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Heartwarming Small-Town Romances and Thrilling Mysteries

I’m saddened by the terrible new coming out of Afghanistan these days as the country falls to the Taliban. Hearing the news takes me back to when I met a man from Afghanistan long before there was turmoil in that country.

In the summer between my junior and senior years of high school (early 1970s), I worked as a waitress in a restaurant on the Ute Reservation. It was hard work, but I met a lot of interesting people. One day, seated in my section were several men, three of which were obviously foreigners. One of them spoke relatively good English and provided interpretations for the other two. When I asked where they were from, the man told me Afghanistan. The interpreter told me his name was Selah (I’m guessing on spelling but it was pronounced Sah-LAY). His group was in town visiting irrigation projects and learning how to administer them. The technology and management strategies would be useful for his country. He was probably in his late-20s or early 30s. He wasn’t that tall and wore no head covering. He was just a regular looking guy with a big smile on his face. He seemed fascinated by everything he saw.

He seemed very eager to ask me all kinds of questions about American life. Several times I had to walk away because I had other tables to tend to, but he stayed there until I had another free minute. While this might seem creepy to some, I was intrigued. I’d never met anyone like him before. When his companions dragged him away, he asked if I’d come back that evening so we could talk more. I said no because I had to go to church on Wednesday evenings. He asked if could come with me, and I said yes.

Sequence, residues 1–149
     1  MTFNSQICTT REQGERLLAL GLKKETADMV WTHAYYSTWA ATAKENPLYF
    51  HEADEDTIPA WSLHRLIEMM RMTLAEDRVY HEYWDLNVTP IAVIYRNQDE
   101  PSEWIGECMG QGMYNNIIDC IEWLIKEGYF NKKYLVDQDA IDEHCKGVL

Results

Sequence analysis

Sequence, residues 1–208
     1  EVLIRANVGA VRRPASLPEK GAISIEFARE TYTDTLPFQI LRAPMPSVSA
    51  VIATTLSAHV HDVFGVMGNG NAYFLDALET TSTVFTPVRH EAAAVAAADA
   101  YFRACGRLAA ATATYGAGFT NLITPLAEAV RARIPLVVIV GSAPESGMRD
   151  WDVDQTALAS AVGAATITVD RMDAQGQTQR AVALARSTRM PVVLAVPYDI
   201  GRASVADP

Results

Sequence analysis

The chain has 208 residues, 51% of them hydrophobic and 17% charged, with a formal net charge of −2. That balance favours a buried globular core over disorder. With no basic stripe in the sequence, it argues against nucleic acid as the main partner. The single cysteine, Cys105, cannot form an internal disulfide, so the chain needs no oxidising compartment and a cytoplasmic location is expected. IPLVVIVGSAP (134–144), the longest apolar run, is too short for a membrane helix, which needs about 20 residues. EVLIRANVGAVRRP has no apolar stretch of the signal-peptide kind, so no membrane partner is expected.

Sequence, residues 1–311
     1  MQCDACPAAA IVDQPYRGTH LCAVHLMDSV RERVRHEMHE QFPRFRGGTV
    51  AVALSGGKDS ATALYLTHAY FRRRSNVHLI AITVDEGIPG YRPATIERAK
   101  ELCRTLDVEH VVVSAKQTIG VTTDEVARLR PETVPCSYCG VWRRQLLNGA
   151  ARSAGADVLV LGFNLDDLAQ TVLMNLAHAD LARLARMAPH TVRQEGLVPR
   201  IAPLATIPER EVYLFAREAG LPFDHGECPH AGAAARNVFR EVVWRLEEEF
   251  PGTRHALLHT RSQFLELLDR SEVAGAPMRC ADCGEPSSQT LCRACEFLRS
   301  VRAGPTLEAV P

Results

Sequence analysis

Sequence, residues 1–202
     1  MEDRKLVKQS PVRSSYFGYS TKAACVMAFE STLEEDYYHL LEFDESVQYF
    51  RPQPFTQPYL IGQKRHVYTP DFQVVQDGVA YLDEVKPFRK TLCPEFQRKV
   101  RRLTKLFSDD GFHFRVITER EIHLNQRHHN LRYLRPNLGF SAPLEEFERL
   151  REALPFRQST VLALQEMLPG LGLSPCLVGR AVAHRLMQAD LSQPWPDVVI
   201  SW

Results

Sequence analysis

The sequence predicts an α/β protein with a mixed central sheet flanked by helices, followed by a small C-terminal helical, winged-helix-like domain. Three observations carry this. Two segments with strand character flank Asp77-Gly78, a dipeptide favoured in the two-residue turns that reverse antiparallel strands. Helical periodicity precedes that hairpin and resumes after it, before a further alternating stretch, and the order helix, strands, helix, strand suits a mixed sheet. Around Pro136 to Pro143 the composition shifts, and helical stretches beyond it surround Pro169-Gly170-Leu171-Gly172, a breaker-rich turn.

Imagine how my dad felt when I told him we needed to leave early for church so we could go by the motel to pick up a man from Afghanistan and take him to church. He thought I was nuts, but I’d given my word we’d do this. So off we went. Selah jumped in the car and talked the whole way there, asking about different things, general things about American life.

I sat with Saleh during the service and afterwards, he had even more questions about our religion and our service. Dad finally came and told him it was time to leave. He hardly stopped talking all the way back to the hotel. There we told him goodbye, and I never saw him again.

My experience with Selah was one of those crazy things I get myself into sometimes that have an impact on me. I may have been foolish by encouraging his questions. Who knows. His religion was never a topic brought up so I don’t even know that. Maybe I was crazy for taking him to church with me, but for a brief moment, he saw Christian life like few other of his countrymen did.

In 1979, Russia invaded Afghanistan, and I wondered if Selah was there. Was he okay? Did he fight the Russians? Had he immigrated to another country? There is no way of knowing. When the US went into the country, was he still there? Whose side might he be on? Since he knew English so well, maybe he was one of the interpreters for our troops.

I will never know what became of him, but I can’t help but wonder. I imagine him as the friendly person he was when we met. I think of him as someone helping the troops, and I hope if he was, he finds a way to get out before the Taliban takes over.

Pray for peace.

Therefore let us pursue the things which make for peace and the things by which one may edify another. Romans 14:19

3 Responses

  1. Good memory. Over the years we all met someone to never see again. Because our outside self evolves, I could stand next to even those I knew well, and missed them as they missed me at that moment.

  2. Sweet story, C.S. I have had wonderful conversations with cab drivers in DC. All but one were international and very cordial. They spoke of their families and children and expressed amazement at the rudeness of American teenagers. Oh, the one US cab driver was the only driver who was rude to us.

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